Rocha figured out her story five years ago. “It was during the backlash of the supermodel,” she remembers. “You didn’t know our names, and we all kind of looked alike.” So she started a blog. “I thought I was just going to mention mundane things to colleagues and friends. Then I noticed I was getting traffic. I realized I had to have personality. I didn’t want to just be known for my cheekbones. I have a voice.” (In one much-read post, she criticized the industry for its body- image issues: “I’m six inches taller and 10 sizes smaller than the average American woman. Yet in another parallel universe, I am considered ‘fat.’ ”)
Rocha’s blog graduated to a Twitter handle. Then she added a Tumblr page. Now she’s got a Vine identity and a global brand boasting more than 4 million followers on Chinese social-networking sites. “Social media helped my career,” Rocha says. “People would say, ‘We want that girl. She’s got sparkle.’”
Then there’s rising star Delevingne, who drives the tabloids wild by hanging with Rihanna or spilling out of a car with Harry Styles. The most candid of the group, she labels herself on Twitter a “pro- fessional human being” and will post photos between shoots or talk directly to her best friend, pop star Rita Ora, whom she calls “wifey.” In a recent interview Delevingne explained that her followers make her feel “less alone.” Modeling, she says, can be “a really lonely job.”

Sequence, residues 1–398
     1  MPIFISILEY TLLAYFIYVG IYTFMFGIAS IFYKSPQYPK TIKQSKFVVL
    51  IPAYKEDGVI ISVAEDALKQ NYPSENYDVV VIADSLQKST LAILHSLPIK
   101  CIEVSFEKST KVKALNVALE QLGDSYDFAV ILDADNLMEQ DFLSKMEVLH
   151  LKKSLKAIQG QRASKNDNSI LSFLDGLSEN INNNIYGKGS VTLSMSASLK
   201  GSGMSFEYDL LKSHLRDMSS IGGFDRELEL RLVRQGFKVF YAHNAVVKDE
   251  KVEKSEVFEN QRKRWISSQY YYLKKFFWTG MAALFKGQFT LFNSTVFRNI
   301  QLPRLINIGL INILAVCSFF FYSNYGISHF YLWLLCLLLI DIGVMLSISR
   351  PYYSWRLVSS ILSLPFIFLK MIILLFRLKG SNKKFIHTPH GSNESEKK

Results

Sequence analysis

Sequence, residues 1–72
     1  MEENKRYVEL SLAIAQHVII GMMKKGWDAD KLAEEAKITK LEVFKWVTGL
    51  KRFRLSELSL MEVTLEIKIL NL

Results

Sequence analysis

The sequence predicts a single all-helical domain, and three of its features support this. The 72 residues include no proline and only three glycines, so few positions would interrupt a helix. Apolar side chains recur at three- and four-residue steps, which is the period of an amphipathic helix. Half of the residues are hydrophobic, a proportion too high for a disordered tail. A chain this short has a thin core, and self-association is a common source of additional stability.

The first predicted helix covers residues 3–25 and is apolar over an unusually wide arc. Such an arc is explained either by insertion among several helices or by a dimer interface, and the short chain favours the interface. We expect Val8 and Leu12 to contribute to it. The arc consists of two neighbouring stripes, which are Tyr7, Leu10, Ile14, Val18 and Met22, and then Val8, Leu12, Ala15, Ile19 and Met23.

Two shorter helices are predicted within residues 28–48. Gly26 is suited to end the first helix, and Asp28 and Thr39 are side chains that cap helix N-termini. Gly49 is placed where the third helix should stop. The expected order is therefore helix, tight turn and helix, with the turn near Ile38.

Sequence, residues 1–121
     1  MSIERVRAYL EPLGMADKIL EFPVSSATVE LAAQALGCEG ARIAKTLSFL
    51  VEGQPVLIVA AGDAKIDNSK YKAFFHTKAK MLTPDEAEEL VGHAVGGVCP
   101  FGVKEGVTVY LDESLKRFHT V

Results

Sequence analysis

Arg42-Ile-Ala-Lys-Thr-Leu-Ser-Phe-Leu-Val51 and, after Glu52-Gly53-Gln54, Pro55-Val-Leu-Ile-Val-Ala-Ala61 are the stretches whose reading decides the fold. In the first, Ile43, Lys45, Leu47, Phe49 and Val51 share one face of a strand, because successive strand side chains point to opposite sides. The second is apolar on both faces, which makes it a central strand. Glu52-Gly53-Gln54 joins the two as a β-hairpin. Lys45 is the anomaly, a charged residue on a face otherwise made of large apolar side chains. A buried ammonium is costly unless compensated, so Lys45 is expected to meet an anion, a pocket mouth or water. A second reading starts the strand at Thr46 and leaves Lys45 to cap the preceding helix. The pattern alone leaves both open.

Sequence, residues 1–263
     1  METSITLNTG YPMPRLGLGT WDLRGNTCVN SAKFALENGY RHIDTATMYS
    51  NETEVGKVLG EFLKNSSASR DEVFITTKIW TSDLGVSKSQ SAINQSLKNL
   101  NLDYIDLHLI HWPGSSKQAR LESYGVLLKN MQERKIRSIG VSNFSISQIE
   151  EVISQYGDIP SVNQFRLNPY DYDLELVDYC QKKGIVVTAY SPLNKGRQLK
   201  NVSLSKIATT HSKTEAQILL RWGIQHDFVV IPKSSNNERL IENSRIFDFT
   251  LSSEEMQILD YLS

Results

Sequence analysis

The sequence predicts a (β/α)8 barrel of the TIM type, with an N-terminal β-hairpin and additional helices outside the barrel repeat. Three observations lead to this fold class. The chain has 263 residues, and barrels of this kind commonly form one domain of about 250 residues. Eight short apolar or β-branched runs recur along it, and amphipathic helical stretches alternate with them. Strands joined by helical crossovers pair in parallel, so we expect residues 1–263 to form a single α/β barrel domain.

Ultimately, what many models want today is the right to control their own future: Kloss is launching a new line of jeans for tall women; her charity project Karlie’s Kookies gives money to FEED, to fight hunger. Others are using their clout to shake up their industry for the better. (Watch model Cameron Russell’s TED Talk.
The “genetic lottery” winner had this advice for young women: Don’t try to model; instead, “be the next president.”) But sometimes these women are just looking out for their fans. “You guys are hysterical!” Delevingne responded recently to kids who tweeted her from school. “Get back to work. I will not be blamed for doing badly in exams!”
What’s next? Pretty much anything, says Banks. “It’s their time,” she shrugs. “The choice to do more is in these girls’ hands.” No doubt their decision will be posted.